A new location, new format and new Carnival season time slot gave this Tobago Regatta fresh energy and a new vibe. The mix of yacht racing, bum boat racing, wind surfing, kite boarding, beach games and parties – all happening right on or just off the idyllic beach at Pigeon Point, added excitement for participants and spectators. It was four events rolled into one, presenting some tricky logistics, but those who took on this challenge are to be congratulated on this first attempt.
The Committee Boat crew knew the regatta was under way when the 65’ Maxis thundered across the line very little space between them. Unfortunately Challenger 4 dropped out before the end of the regatta because of gear failure, but Spirit of Juno and Spirit of Isis (the ultimate winner) tacked and cover tacked their way around the courses in America’s Cup-style match racing.
Smooth starts were a feature of the yacht racing, with only one boat over the line on one start and no protests. Happily, a number of issues were resolved by boats exonerating themselves with 720 turns. This final regatta in The Festival of Wind Southern Caribbean Circuit(Carriacou, Grenada, Tobago) certainly got its share of wind, not to mention unseasonable rain. On Day 1 the fleet sailed in a brisk 15 – 20 knots, by Day 2 seas had built up and winds were gusting 30 knots during squalls, making conditions cold, wet and grueling, especially for the smaller boats that did 3 races. Day 3 saw a slight easing of wind and by Day 4 it was sunny with more comfortable seas.
On the Day 1, one of a string of spectacular broaches found The Artful Dodger, a Melges 24 in a dodgy situation, down flat directly in front of the Swan Tobasco and only some artful dodging by Tobasco’s helmsman prevented them becoming the Ex Artful Dodger. On Day 2, when boats began to skid along with their masts parallel to the water, the Race Officer had a premonition of trouble, because he called the Regatta RIB out as a safety precaution and only minutes later a halyard let go on the Melges 24 Mojo, and their mast came down. Fortunately there was no injury to the crew who recovered and repaired their mast to fight another day, thanks to support from safety boats and other Melges 24 competitors. On Day 4, when Mojo ripped their spinnaker before the start of Race 1 and was about to retire, Drunken Monkey came to their rescue with their spare spinnaker. Drunken Monkey (Paul Amon) convincingly won the regatta overall, with Synergy (Jeffrey Chen) 2nd and Mojo (Rostant/De Vertieul/MacKenzie) a close 3rd.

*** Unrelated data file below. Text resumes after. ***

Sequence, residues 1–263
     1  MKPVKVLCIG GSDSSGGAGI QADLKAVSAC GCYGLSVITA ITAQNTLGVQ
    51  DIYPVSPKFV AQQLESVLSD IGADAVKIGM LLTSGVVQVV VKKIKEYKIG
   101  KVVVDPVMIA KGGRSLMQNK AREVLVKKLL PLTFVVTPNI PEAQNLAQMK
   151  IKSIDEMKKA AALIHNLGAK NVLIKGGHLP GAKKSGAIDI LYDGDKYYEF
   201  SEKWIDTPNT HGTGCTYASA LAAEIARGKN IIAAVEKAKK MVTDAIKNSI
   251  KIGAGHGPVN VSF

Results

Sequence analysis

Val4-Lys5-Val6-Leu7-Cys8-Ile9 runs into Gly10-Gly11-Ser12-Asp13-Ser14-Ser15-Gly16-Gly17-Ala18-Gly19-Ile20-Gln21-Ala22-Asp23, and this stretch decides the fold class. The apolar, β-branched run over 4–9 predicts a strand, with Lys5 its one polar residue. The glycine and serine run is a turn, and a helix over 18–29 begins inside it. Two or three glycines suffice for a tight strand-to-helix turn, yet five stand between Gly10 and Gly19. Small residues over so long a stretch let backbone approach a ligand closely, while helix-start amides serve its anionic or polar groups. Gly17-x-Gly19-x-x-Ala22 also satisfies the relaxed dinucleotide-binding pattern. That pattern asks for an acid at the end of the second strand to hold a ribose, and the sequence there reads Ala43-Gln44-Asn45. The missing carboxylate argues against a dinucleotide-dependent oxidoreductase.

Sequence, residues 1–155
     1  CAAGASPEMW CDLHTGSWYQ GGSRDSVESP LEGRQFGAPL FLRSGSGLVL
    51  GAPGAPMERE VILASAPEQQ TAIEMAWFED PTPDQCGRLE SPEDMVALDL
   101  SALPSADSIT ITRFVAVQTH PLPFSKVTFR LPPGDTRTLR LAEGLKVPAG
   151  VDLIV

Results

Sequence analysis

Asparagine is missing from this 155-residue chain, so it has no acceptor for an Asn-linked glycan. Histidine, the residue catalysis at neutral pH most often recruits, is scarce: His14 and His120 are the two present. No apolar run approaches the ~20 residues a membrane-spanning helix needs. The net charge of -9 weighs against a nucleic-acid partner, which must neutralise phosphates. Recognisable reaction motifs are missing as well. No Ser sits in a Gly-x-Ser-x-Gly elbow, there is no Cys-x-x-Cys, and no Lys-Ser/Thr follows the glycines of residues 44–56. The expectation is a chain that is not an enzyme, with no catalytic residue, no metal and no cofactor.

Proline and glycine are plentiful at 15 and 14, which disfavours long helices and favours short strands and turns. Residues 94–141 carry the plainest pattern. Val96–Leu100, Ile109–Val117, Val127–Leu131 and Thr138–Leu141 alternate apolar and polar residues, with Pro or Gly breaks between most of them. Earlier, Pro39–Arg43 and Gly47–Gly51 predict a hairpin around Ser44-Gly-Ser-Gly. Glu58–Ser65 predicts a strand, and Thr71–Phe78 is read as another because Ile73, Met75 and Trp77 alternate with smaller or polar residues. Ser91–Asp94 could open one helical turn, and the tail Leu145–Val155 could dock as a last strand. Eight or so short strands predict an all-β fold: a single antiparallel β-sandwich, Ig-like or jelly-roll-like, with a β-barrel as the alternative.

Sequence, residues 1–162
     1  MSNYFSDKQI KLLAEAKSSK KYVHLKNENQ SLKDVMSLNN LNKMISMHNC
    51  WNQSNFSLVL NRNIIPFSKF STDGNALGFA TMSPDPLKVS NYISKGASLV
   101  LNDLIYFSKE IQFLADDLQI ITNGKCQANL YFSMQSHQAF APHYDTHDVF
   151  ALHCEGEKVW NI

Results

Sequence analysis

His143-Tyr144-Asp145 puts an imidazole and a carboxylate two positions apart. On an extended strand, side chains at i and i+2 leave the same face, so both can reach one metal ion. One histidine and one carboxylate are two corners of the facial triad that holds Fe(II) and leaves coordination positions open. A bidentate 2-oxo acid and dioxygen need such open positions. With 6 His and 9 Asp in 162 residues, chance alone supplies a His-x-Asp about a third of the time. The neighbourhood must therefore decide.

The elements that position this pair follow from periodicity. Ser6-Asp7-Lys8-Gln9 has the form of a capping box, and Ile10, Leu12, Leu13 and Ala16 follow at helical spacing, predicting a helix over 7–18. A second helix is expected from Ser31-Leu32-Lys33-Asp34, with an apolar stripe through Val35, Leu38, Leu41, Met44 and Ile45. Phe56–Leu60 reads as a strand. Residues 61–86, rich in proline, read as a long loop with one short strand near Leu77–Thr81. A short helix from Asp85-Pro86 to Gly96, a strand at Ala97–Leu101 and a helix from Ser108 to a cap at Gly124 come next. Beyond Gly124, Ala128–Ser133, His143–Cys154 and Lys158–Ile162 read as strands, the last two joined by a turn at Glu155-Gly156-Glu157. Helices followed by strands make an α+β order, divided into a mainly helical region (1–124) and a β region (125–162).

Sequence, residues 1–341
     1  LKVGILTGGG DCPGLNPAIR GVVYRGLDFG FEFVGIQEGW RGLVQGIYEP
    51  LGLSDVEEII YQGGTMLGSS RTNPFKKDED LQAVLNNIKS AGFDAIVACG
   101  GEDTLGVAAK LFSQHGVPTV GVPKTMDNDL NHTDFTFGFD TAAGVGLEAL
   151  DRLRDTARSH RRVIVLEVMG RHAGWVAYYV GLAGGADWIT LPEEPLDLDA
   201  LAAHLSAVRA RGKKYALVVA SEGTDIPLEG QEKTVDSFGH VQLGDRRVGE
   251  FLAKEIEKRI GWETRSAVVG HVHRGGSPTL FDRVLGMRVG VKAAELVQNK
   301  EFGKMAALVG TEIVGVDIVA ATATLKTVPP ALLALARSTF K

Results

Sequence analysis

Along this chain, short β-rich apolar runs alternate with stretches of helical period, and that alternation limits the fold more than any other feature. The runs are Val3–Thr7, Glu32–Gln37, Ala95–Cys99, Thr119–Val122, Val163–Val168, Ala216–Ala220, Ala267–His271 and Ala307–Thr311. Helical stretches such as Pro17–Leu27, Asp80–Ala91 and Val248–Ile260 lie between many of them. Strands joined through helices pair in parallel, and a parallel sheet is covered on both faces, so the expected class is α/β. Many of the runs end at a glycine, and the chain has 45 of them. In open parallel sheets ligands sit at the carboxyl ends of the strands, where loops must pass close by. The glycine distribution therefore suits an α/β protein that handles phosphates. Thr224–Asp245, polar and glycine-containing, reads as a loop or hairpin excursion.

In the J24 class it was great to see the young crew on Ambushe (Stephen Bushe) show a few of the old hands a clean wake, but not without close competition from Jabulani (Peter Hoad) 2nd. Die Hard (Robbie Yearwood) from Grenada was 3rd. These J24 sailors deserve a medal just for sailing their small craft up to Tobago against wind and current. In the Racer Cruiser class bMobile Enzyme (Paul Solomon) was king – always first out on the water, with immaculate spinnaker work and solid starts. Bruggadung (Ralph Johnson) from Barbados was 2nd and Jaguar (Peter Morris) 3rd. Cruising Class was dominated by the evergreen Petit Careme (Rawle Barrow – rumour has it their average crew age was in the 60s). 2nd was Carnival (Phillipe Agostini), back in action again after a break, with Beex (Paul Hatch) 3rd.
Watching the Bum Boats was an experience all by itself. Historically, these very technical boats with their sweet lines were developed and built in Tobago, St Lucia, Bequia and Grenada and it was thrilling to watch their skilled crews sail. Standing starts off the lagoon beach were accompanied by much yelling from the support crews, families and friends. On their return, perceived infringements were dealt with by hurling “expletive deletives” back and forth, which ultimately seemed to resolve the problem. Makes one wonder why we bother with protest committees.
The Tobago House of Assembly gave substantial support to this event and aim to encourage more participation particularly by local youth in future Tobago Carnival Regattas. The sheer speed of the windsurfers and the awesome air show by the kite boarders, some of whom came from Europe to participate, added an extra edge and adrenalin to this regatta. No other event in the Caribbean combines the four water sports that this one did, and if in future dinghy racing is included, it will be truly unique.